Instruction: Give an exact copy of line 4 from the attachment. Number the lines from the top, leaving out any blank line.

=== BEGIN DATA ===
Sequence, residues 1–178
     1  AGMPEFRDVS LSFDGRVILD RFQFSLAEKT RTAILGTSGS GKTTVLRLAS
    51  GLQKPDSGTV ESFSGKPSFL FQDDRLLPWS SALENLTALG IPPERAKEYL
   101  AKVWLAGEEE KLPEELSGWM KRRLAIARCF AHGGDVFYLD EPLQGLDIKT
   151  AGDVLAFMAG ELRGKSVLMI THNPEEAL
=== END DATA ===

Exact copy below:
   101  AKVWLAGEEE KLPEELSGWM KRRLAIARCF AHGGDVFYLD EPLQGLDIKT